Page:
Categorized | Hurricane Sandy, News

Sayreville Sandy Victims Still Waiting

By Beverly Samuleson—

SAYREVILLE — March 25, snow is falling, the air is cold and very damp. This day marks the 148th day since Hurricane Sandy struck. Richard and Ellen Bednarz, along with their neighbors on Weber Avenue in Sayreville are STILL waiting for relief.

According to Richard, Mayor Kennedy O’Brien went to the residents asking them to prepare for the storm; he didn’t know how much flooding to expect as this neighborhood flooded many times before. The Bednarzes began to move their belongings to 2 storage units and up to the 2nd level of their home. They did everything to prepare, all Rich and Ellen could do now is wait and pray.

When the storm hit, havoc struck. The Raritan Bay began flooding the streets and didn’t stop at the curb. The water kept rising higher and higher, in a short time the basement was flooded, and then the water began to rise into the 2nd level. The sewers were backing up, oil drums from a local business broke open, and neighbors were scrambling to get out. It was a night of horror.

The next day no one could believe what they saw. It looked like a war zone; foundations gone, cars gone, homes completely destroyed by water, sewer waste, oil, and mud. The streets were littered with household items, family pictures, clothes, etc.

The neighborhood formed a group and hired an outside consultant who is working with the Borough of Sayreville on a buyout plan for the residents who do not want to rebuild. To date, 275 homeowners have applied for a buyout and as of now there is no time line established on a settlement. From what was learned, the federal government funds 75%, state and local government fund 25% to cover the buyouts.

FEMA did surveys for the area and established the following criteria:

1) A resident would need substantial damage to qualify for a buyout.

2) A resident who had multiple floods during the time they occupied the home.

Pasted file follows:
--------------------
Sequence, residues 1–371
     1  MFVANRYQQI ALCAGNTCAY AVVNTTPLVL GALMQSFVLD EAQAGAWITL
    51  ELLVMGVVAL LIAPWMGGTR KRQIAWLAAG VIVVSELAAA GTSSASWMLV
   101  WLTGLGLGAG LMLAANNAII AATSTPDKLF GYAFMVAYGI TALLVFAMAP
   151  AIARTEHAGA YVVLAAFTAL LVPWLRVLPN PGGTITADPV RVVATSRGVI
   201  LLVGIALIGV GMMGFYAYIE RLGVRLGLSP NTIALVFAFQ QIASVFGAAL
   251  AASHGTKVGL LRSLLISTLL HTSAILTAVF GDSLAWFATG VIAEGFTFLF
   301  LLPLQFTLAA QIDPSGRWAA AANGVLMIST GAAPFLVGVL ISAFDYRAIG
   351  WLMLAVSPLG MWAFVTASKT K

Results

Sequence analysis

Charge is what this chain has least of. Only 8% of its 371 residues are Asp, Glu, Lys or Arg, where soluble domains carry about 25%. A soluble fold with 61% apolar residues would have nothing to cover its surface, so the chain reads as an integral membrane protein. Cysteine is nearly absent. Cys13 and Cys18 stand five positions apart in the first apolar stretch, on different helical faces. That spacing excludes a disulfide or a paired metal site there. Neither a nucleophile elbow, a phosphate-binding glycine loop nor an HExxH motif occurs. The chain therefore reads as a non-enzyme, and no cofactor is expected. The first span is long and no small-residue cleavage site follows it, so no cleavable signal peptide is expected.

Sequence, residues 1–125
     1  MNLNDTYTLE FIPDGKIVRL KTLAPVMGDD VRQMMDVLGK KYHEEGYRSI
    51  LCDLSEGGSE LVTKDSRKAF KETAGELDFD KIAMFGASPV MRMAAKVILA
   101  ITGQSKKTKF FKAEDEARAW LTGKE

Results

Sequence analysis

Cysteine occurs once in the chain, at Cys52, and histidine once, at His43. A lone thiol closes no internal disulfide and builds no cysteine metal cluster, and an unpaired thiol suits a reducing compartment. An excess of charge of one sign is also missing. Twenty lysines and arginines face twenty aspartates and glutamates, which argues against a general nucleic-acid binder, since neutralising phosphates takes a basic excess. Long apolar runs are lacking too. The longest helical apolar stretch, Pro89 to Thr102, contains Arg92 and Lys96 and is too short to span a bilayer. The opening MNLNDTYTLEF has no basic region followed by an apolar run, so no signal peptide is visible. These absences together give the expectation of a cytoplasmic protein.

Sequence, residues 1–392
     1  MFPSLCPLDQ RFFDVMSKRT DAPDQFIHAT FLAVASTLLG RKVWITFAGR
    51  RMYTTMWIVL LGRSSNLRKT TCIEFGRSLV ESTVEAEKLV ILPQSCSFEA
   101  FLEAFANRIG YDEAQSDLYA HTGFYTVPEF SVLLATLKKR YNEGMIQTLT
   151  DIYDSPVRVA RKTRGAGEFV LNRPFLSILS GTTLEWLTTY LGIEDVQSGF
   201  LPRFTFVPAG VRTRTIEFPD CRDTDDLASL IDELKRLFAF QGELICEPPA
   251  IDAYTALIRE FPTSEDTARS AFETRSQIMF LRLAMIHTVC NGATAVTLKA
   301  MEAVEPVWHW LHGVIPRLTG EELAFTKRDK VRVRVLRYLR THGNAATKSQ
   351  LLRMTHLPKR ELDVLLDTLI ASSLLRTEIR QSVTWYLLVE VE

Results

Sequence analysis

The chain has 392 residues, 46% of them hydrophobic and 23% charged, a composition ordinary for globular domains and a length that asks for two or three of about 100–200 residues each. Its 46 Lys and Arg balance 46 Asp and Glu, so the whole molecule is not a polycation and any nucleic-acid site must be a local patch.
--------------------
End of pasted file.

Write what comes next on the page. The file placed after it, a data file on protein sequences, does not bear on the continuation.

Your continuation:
3) Residents wanting to rebuild would have new flood elevations to qualify

Under this scenario of new flood elevations the Bednarzes would need to raise their home 8 feet to qualify for a rebuild. With the flooding problem over the years, they opted for a buyout. They are presently renting and will not go back to Weber Avenue.

Governor Christie has asked federal officials to set aside $250 million of the state’s $60 billion federal Sandy relief allocation to buy perennially flooded homes and turn them into public open spaces. Christie said the state should know by the end of the first week of April whether the feds will approve New Jersey’s request.

The amount would be enough to purchase about 1,000 homes valued at $250,000 each. “The money is coming, and we are going to be in Sayreville with a buyout,” Christie told a crowd Tuesday morning during his 104th town hall in Middlesex Borough.

Christie said hard-hit communities such as Sayreville and South River, another Middlesex County town, would be “at the top of the list.” Christie toured Weber Avenue in the storm’s aftermath. “I remember that neighborhood clearly,” Christie said, pivoting to a criticism of Congress for delaying a vote on the storm-relief funds. “I understand your frustration. It was nearly 100 days before they (Congress) voted for this help. We are working really hard to get this done.”

The foundations of nearly 40 homes collapsed, and about 300 other homes and apartments were severely damaged by Sandy’s floodwaters.

Governor Christie said that the Hurricane Sandy New Jersey Relief Fund, which is run by his wife, Mary Pat, has raised $32 million in donations; some of this money will be used to fund buyouts.

Mayor Kennedy O’Brien of Sayreville will be having a question and answer session for residents who want to participate in a buyout. The session will be held on April 16th at 5:30 p.m. at borough hall on Main Street. The buyout funds will be from the State of New Jersey and FEMA.

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